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Sandia Labs announces method to integrate microscale optical devices on silicon microchips


Sandia National Laboratories has been awarded a patent for developing a novel method of integrating microscale optical devices onto silicon. Using this technique, the R&D centre, which is based in Albuquerque, New Mexico, created a microscale laser embedded in silicon. While similar lasers have been built before, the company says this is the first time that such a device could function within photonic integrated circuits. This technology could be applied to make self-driving cars safer, data centers more efficient, biochemical sensors more portable and radars and other defense technologies more versatile.

While silicon is the mainstay of the semiconductor and computer chip industries, it is not a good material for making lasers. This poses challenges for the development of microscale optical devices for use in these technologies. One approach to tackling this obstacle is to design a way for optical components made from a variety of materials to coexist on a silicon microchip.

However, these kinds of materials can’t just be glued into place. Instead, Sandia research scientist Ashok Kodigala, a co-inventor of the new technique, fused them to silicon in complex layers, a process also called heterogeneous integration.

The Sandia team successfully demonstrated heterogenous integration techniques to create hybrid silicon devices: hybrid lasers and amplifiers made from both indium phosphide and silicon, and similarly modulators made of both lithium-niobate and silicon, which encode information in light generated from the lasers. Moreover, high-power and high-speed germanium detectors were developed to keep up with the lasers and modulators under the same platform.

With this method, Sandia can build many critical components for high-power optical systems, including high-bandwidth, high-speed optical devices, such as indium phosphide lasers, lithium niobate modulators, germanium detectors and low-loss acousto-optic isolators.

Other organizations, including the University of California, Santa Barbara, and Intel Corp., have built similar lasers, but Sandia has broadened the class of devices that can be integrated. For the first time, these devices could work together on optical microchips, also called photonic integrated circuits.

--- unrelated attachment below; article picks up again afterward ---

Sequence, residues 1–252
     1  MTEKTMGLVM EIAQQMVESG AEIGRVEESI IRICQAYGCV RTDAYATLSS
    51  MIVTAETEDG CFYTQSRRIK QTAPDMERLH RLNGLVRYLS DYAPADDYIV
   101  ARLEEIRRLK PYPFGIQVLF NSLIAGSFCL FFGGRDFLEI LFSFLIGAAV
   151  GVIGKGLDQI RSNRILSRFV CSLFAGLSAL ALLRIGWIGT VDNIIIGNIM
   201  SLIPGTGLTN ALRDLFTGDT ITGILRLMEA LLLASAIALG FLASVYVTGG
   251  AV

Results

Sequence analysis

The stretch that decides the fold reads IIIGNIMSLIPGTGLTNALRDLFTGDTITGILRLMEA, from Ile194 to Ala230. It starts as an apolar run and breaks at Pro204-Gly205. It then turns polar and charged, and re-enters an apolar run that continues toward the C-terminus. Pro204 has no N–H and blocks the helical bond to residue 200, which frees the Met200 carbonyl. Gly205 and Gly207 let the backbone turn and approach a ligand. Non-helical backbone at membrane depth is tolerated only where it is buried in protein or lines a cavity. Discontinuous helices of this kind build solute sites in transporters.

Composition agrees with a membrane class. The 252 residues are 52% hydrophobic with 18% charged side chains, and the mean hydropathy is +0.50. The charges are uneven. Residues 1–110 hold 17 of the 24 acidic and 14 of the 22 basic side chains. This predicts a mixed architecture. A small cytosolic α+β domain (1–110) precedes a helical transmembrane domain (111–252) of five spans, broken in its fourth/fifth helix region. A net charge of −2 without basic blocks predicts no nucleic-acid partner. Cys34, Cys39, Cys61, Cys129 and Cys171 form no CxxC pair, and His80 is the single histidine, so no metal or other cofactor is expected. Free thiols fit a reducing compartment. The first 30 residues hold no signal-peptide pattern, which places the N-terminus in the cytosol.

Semiconductor fabs could use Sandia technique/US leadership

Sandia built its chip-scale lasers with a goal of transferring the technology to industry, and stated that the achievement could strengthen America’s leadership in semiconductor technology. The team used many of the same tools found at commercial semiconductor plants, and the lasers generate light in wavelengths commonly used in the telecommunications industry, called the C-band and the O-band.

“Once we demonstrate this photonic platform at a national lab, we can then pass this technology to U.S. companies, where they can focus on even larger-scale production for commercial and U.S. government applications,” Kodigala said.

“This allows the U.S. to lead and have less dependency on foreign manufacturing capabilities,” said Patrick Chu, who co-leads the National Security Photonics Center, a group of more than 60 photonics scientists and engineers at Sandia’s

Microsystems Engineering, Science and Applications complex.

The new technique was conceived with funding from Sandia’s Laboratory Directed Research and Development program and developed it under a Defense Advanced Research Projects Agency program called Lasers for Universal Microscale Optical Systems.

Photonic semiconductors support CHIPS and Science Act
President Biden made headlines in 2022 when he signed the CHIPS and Science Act, a nonpartisan, $52.7 billion boost for the semiconductor industry. While the legislation is expected to increase production of American-made computer chips, it also directs funding for photonic semiconductors.

Sandia is also investing in optical microchips because they transmit more information than conventional ones. But manufacturing challenges have prevented their widespread adoption, Chu said. Even though the technology is well known in scientific circles, on most microchips, he said, electronic technologies still reign supreme.

With a working platform to build photonic circuits, Sandia has positioned itself to support industry and other institutions performing photonics research and development in the coming years. Sandia research is not currently funded by the CHIPS Act.

“We know our process is scalable, so that’s one way we’re supporting the CHIPS Act mission,” Chu said. “Sandia is eager to collaborate with others and start building new technologies together.”

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